Yooka-Laylee Preview: Here And Now
Greg Johnson / Feb 28th, 2017 No Comments
It has been a long path for Yooka-Laylee to go from concept to release. Playtonic Games, a studio made up of former Rare developers, launched a Kickstarter campaign for the game nearly two years ago. The obvious spiritual successor to Banjo-Kazooie earned more than $2 million from the crowdfunding effort.
Now, Yooka-Laylee’s launch is fast approaching. The colorful 3D platformer is set to release April 11 across essentially all platforms. Ahead of its launch, we were able to play a near-final version of the game at a preview event, and what we saw is the culmination of years of work and a lot of passion.
From The Beginning
The preview build we played started the same way the final version of Yooka-Laylee will. In fact, Playtonic only made some areas inaccessible to keep the demo contained. We were able to access the main hub world, Tribal Stack Tropics (the first world) and Glitterglaze Glacier (world two).
Yooka-Laylee opens with the titular duo relaxing after having finally finished painting their home, Bat Ship Crazy, a derelict ship in the middle of a field. Meanwhile Capital B, the game’s antagonist, and his nefarious henchman Dr. Quack discuss their plan to steal all literature for a nefarious plot.
These cutscenes showed us that Yooka-Laylee is not skimping out in terms of story. The dialogue hints at a mature, intricate plot filled with the same tongue-in-cheek humor you’d expect from former Rare devs.
One of the funniest bits occurred during our first encounter with Dr. Quack, who challenged us with a quiz — if you donated to the Kickstarter campaign, you may recognize the quiz showdown as a stretch goal. Dr. Quack asked questions that tested our in-game knowledge, but it is the comedic moments that made this interaction stand out. Laylee points out that this quiz is standing in for an actual fight due to blowing the “budget for boss fights.”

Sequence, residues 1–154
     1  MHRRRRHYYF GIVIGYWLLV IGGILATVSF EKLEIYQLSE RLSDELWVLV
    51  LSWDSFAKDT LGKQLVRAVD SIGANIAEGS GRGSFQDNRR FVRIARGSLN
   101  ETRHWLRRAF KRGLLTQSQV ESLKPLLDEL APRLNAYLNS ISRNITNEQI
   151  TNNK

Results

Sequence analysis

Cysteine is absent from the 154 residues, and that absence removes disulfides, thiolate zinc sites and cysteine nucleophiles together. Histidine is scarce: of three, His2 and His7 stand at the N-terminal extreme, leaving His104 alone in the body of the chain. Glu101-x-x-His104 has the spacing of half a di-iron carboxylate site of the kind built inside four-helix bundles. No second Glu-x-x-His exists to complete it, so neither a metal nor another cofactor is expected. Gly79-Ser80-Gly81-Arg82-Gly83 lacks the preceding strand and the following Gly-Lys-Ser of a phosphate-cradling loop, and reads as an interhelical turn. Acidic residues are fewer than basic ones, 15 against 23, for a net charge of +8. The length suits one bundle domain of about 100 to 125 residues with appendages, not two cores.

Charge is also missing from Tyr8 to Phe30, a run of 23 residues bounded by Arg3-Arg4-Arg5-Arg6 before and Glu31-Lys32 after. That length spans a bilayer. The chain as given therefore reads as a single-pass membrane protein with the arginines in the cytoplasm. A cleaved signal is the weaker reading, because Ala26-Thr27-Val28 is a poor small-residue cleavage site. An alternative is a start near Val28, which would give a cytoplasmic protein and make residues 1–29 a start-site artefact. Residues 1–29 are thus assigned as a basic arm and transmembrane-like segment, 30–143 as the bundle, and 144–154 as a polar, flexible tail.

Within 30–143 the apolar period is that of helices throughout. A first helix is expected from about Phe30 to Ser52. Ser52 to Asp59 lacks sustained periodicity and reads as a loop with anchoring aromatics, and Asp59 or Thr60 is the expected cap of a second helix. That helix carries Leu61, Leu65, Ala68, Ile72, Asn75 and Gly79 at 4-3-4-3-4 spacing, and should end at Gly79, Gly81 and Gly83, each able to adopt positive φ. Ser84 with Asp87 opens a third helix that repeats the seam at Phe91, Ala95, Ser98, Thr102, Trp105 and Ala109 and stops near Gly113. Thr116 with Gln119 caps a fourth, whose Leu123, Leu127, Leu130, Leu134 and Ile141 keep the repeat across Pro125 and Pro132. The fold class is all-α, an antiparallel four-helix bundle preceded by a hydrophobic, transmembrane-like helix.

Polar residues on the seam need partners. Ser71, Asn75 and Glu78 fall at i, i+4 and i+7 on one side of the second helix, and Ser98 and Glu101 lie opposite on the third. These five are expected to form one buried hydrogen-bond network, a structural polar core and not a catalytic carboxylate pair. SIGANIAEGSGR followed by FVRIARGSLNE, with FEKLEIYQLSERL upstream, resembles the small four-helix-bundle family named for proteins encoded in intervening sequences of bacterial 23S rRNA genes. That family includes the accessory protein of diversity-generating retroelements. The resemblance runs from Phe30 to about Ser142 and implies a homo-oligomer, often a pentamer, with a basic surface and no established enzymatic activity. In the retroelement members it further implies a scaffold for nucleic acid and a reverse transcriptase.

This self-aware fourth-wall breaking dialogue is what makes Yooka-Laylee unique, and it is exactly what the gaming world has been missing since the days of Banjo-Kazooie and Conker’s Bad Fur Day.
One of the most impressive things I noticed about Yooka-Laylee’s gameplay is how open it is. Players can unlock new worlds in any order and moves can be purchased in any way. If you want to do a lot of fighting, purchase some ground-and-pound moves from Trowzer the Snake, but other abilities will allow you to attack opponents in different ways. Taversal abilities such as rolling and a gliding double-jump are incredibly useful.
As part of this openness, Yooka-Laylee allows players to expand levels. This feature allows you to open new challenges and further explore the worlds that you like the best. It also means you won’t get stuck in a level you don’t care for — simply make a beeline for the level’s boss, defeat the baddie (which is no easy taks) and move on. You can easily rush through levels as quickly as possible or explore them thoroughly to discover the secrets within them.
Another major feature in Yooka-Laylee is Play Tonics, unlockable modifications available to players. These tonics are unlocked by completing objectives in the game and can be used for a variety of purposes. Some change how you play the game while others are purely cosmetic.
Developers said they wanted Play Tonics to help cater to different play styles. This goal is accomplished as tonics require players to experiment with diversifying movesets. These challenges act almost as an extended tutorial to help open up players to new ways to play Yooka-Laylee.
Yooka-Laylee is finally ready for its big debut. It’s been no secret that it is essentially a continuation of the Banjo-Kazooie franchise, and that is obvious upon playing it. The bright worlds and platforming gameplay may convince you that you’re playing an N64 game at first. But there are a lot of new mechanics in Yooka-Laylee that make it unique. The open-world and player-controlled universe bring the gameplay of old to another level.
The game is set to release April 11, with a Nintendo Switch version of the game set to launch at a later date. Developers had no update on that version of the game, but said they are hard at work to bring it to Nintendo’s new platform.
Playtonic is also working hard with their composers on a Yooka-Laylee-inspired rap, and seemed very excited to share it with the world soon.
tags: Playtonic Games , preview , Team17 , Yooka Laylee Preview , Yooka-Laylee